Category: Clips

Bramnick: Employers have right to know about applicant’s criminal history

Source: - Faith leaders from across the state will convene Thursday as a show of support for a bill to aid New Jerseyans facing barriers to employment due to criminal records.

The Rev. Dr. DeForest B. Soaries Jr. will engage leaders from the Jewish, Muslim and Christian faiths in an dialogue titled “Fulfilling Our Moral Duty to Foster Redemption” and the Opportunity to Compete Act from 11 a.m. to 1 p.m. Thursday at the First Baptist Church of Lincoln Gardens at 771 Somerset Street in the Somerset section of Franklin Township.

Jon Bramnick

The bill would ban employers from asking about an applicant’s criminal history until the final stages of the interview process. New Jersey Senate and Assembly votes are anticipated in late May and floor votes in June, so the event carries a particular moral urgency, according to Soaries…

Assembly Minority Leader Jon Bramnick (R-Union) in December called the bill a “terrible idea.”

“Look, I hire a lot of people. I’m not allowed to know in my initial consideration whether a person is a convicted felon?” Bramnick said. “Come on, now. You pay a price for being a criminal, OK?”

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O’Scanlon, Bramnick, Rumana talk red lights, jobs on Chamber trip

Source: - It was impossible to miss state Assemblyman Declan O’Scanlon on Tuesday as he walked the crammed aisles of an Amtrak train during the state Chamber of Commerce’s annual trek to the nation’s capital for New Jersey movers and shakers.

The Monmouth County Republican, who has made it a mission to abolish those cameras that capture drivers running red lights, had a big white button pinned to his neatly pressed shirt that said: “Red Light Photo Enforced” — and a giant, red line crossing it out.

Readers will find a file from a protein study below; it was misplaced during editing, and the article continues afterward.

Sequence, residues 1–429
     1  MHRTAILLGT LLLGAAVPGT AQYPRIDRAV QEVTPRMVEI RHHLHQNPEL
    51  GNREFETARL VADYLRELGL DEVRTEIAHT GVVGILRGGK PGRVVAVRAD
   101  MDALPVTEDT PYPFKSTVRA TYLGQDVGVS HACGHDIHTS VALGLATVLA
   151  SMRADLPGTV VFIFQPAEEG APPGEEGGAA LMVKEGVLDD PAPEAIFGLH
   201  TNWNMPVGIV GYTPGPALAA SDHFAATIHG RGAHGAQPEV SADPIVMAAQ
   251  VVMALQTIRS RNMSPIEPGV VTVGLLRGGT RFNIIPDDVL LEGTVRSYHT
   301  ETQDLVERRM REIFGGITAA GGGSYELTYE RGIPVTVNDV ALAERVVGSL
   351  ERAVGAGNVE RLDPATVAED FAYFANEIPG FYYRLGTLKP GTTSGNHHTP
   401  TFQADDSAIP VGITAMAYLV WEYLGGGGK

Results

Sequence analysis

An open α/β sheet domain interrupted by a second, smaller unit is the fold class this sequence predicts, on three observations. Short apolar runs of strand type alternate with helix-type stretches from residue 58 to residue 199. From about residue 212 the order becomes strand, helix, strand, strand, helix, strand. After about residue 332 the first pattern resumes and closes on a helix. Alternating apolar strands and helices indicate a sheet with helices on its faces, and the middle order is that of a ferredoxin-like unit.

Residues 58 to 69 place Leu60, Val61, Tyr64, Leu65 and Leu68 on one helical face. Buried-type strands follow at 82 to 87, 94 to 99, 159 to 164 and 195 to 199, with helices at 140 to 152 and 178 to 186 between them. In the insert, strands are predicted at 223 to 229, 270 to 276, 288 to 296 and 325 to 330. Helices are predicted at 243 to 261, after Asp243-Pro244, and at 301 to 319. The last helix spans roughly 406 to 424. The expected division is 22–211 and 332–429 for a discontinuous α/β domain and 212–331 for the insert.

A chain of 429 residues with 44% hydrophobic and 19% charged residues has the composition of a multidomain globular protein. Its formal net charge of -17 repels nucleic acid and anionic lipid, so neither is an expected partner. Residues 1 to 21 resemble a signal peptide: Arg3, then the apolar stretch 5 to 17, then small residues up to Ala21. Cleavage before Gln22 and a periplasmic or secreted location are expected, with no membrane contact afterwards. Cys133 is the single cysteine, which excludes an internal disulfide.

“I’ve given out half a dozen on the train today,” he boasted, noting he had heard executives from the companies that help run the red-light cameras were on board. “It’s the issue that people talk to me the most about. It’s the gift that keeps on giving.”

A few seats over, Assemblyman Jon Bramnick (R-Union) smiled.

“He’s the anti-red light camera king,” Bramnick said…

Wall Street has noted that New Jersey’s economy has taken longer to emerge from the Great Recession than that of the national economy and neighboring states. On the train, Assemblyman Scott Rumana (R-Passaic) said that’s what made Tuesday’s trip all the more important.

“You’re forced to have conversations because you’re standing in the aisles,” Rumana said. “You’re going to talk to somebody. And it gives you a chance to listen to different ideas. And what’s the most important thing in Trenton right now? Creating jobs. Getting people back to work.”

Years ago, the chamber train had a reputation for being a raucous, boozy ride. But Bramnick said the atmosphere has changed, with the proliferation of cameras prompting passengers to be on their best behavior. “In the last four, five or six years, it’s become a lot more tame,” the Assembly’s minority leader said.


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Bramnick: It’s not Bridgegate, it’s ‘Wizgate,’

Source: PolitickerNJ -

A week after announcing GOP legislators serving on the legislative committee investigating the George Washington Bridge lane closings are hitting a breaking point, a top Assembly Republican lawmaker now says the controversy dubbed Bridgegate is due for a name change.

Jon Bramnick

“It’s Wizgate,” said Assemblyman John Bramnick (R-21) aboard the chamber train to Washington D.C., a reference to the co-chairman of the legislative committee, Assemblyman John Wisniewski (D-19).

“You don’t run an investigation on MSNBC,” Bramnick charged, sitting one train car apart from Wisniewski.

“It’s good for John Wisniewski for governor,” he said, adding, “It’s bad for the other Democratic candidates.”

Bramnick told PolitickerNJ GOP legislators are still in talks to decide whether they will continue to be a part of the joint legislative committee investigating Gov. Chris Christie’s administration over the bridge controversy.

“We’re placing him on notice that we expect to be part of the process,” he said.

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Handlin discusses first subpoenas for oral testimony issued by committee

Source: CNN -

A special New Jersey state legislative committee investigating the George Washington Bridge scandal that has upended Gov. Chris Christie’s administration has issued its first subpoenas for oral testimony.

The panel said it had served Pat Foye, the executive director of the Port Authority of New York and New Jersey, agency board member William Schuber, Christie spokesman Michael Drewniak and Christina Renna, who worked under Christie’s former deputy chief of staff Bridget Anne Kelly, a key figure in the scandal.